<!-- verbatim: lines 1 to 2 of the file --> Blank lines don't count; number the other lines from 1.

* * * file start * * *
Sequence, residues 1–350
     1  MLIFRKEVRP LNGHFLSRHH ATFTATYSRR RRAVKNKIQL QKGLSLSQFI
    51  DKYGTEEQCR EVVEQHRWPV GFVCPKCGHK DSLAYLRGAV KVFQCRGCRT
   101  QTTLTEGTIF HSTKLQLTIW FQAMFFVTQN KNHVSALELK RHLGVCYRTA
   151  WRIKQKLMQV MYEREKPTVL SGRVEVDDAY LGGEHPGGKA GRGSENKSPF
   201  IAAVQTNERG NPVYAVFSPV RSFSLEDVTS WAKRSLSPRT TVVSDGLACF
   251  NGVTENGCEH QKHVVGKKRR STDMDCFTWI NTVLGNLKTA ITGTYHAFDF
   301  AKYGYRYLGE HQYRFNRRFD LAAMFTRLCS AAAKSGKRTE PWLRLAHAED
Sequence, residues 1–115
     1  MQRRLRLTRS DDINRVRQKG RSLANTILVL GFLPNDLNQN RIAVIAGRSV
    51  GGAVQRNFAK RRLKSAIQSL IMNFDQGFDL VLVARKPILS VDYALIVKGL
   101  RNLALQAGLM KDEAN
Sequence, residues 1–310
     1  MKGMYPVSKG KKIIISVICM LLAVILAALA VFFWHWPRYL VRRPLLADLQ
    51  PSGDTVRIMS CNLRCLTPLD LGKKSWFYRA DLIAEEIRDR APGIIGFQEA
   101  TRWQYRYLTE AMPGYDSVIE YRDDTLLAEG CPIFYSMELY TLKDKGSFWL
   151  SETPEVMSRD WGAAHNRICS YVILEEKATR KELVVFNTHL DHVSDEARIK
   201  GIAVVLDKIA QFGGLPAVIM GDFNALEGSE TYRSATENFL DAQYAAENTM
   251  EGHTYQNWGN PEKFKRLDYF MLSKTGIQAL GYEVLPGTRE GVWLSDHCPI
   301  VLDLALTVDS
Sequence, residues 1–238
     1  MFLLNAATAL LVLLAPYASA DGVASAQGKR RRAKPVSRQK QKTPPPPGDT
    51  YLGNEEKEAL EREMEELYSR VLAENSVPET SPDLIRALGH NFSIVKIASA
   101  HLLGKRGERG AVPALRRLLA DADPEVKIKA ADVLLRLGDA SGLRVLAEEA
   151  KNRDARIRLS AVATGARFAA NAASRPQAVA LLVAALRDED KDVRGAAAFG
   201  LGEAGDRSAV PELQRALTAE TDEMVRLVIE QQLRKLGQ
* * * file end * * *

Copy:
Sequence, residues 1–350
     1  MLIFRKEVRP LNGHFLSRHH ATFTATYSRR RRAVKNKIQL QKGLSLSQFI